The Hula Nature Reserve was declared in 1964. It was the first nature reserve established in Israel and is the last remnant of the Hula lake and marshes. It was drained in the 1950s because the lake and the marshland surrounding it were a breeding ground for mosquitoes carrying malaria. The land was converted into cultivated fields. A small section of the valley was later re-flooded in an attempt to revive a nearly extinct ecosystem. Today the reserve is home to a broad range of waterfowl and other animals, some of them endemic to the reserve (in particular the Hula painted frog, which was thought to have become extinct, but was rediscovered in 2011 and is now considered to be one of the rarest animals in the entire world).
We started the kilometre-and-a-half long trail through the reserve at the Hula Valley lookout point. There we enjoyed a wonderful view of the reserve and its immediate vicinity - the Hula Valley, Ramot Naftali and the slopes of the Golan and Mount Hermon. Continuing on we passed a marsh area where papyrus and common reed were growing in profusion, before reaching the floating bridge, a 600 metre long covered platform which acts as a concealed hide over the lake.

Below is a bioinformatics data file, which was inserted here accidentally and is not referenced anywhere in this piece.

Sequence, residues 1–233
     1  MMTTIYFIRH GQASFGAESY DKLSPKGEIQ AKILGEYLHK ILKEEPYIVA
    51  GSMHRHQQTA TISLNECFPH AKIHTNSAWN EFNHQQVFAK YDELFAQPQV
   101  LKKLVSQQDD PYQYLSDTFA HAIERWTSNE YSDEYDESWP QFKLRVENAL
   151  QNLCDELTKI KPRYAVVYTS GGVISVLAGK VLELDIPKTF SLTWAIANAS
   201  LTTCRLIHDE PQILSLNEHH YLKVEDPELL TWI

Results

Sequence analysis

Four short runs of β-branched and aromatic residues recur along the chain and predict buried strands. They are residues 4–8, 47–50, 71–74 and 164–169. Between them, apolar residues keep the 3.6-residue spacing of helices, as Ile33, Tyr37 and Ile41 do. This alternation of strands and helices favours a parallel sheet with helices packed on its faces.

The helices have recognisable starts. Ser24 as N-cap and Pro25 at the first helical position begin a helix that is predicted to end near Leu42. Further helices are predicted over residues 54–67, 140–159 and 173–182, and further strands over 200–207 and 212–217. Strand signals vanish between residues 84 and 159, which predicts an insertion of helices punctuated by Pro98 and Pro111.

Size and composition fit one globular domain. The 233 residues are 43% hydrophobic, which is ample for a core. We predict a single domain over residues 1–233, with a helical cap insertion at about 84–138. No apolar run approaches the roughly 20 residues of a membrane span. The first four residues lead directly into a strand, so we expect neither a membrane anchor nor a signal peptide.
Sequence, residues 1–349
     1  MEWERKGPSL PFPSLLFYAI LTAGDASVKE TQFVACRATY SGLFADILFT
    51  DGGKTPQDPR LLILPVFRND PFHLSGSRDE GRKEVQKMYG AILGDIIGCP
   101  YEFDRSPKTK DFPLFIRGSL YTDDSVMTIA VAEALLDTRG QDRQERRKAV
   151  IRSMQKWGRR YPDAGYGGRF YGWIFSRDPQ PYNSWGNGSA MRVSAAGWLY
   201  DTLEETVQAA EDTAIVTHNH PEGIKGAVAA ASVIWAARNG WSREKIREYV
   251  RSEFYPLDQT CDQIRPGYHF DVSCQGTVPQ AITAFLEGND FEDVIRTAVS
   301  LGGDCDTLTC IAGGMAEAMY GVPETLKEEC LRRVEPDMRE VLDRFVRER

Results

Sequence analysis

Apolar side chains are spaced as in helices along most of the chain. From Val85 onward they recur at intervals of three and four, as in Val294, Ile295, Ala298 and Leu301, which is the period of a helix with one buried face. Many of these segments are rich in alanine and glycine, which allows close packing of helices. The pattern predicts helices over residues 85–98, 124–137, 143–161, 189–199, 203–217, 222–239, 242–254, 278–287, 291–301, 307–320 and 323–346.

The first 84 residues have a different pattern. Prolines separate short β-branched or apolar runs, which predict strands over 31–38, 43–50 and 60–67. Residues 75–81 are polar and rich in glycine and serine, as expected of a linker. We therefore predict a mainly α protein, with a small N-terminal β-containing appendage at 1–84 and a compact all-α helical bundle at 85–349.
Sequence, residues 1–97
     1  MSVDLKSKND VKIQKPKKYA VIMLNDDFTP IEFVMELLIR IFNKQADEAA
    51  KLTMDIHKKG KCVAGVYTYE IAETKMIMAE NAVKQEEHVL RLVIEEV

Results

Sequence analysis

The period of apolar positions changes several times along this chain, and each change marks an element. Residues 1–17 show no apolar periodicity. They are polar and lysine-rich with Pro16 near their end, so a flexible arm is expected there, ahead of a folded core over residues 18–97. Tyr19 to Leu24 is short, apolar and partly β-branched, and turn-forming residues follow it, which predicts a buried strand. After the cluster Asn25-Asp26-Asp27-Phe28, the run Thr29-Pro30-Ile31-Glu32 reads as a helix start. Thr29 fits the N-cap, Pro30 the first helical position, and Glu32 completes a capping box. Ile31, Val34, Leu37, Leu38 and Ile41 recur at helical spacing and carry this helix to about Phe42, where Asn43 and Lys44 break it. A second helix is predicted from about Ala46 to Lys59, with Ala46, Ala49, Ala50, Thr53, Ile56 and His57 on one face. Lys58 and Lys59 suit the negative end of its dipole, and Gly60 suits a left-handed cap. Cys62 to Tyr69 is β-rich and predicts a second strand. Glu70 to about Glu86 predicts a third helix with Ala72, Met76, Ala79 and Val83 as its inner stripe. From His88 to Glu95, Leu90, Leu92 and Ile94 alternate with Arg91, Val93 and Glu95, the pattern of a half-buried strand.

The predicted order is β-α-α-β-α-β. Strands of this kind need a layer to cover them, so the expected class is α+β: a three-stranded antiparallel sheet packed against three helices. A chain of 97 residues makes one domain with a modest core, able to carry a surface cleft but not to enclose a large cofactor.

The Hula Nature Reserve is identified especially with both migratory and wintering birds, the most prominent among them being pelicans and cranes, who spend the winter months in Israel. The nests of other water birds have been found within the boundaries of the reserve, including nesting colonies of five species of egrets and herons, and other bird species. Some of these are endangered species, both in Israel and all over the world, while other species in the reserve are regular nesters.
Besides the water fowl, an assortment of mammals live in the reserve, including the wild boar, otters, the swamp lynx and the invasive rodent nutria, also known as the coypu, which threaten the local inhabitants. There is also a variety of insect-eating bats in the reserve and water buffalo graze in certain areas to preserve the open meadows.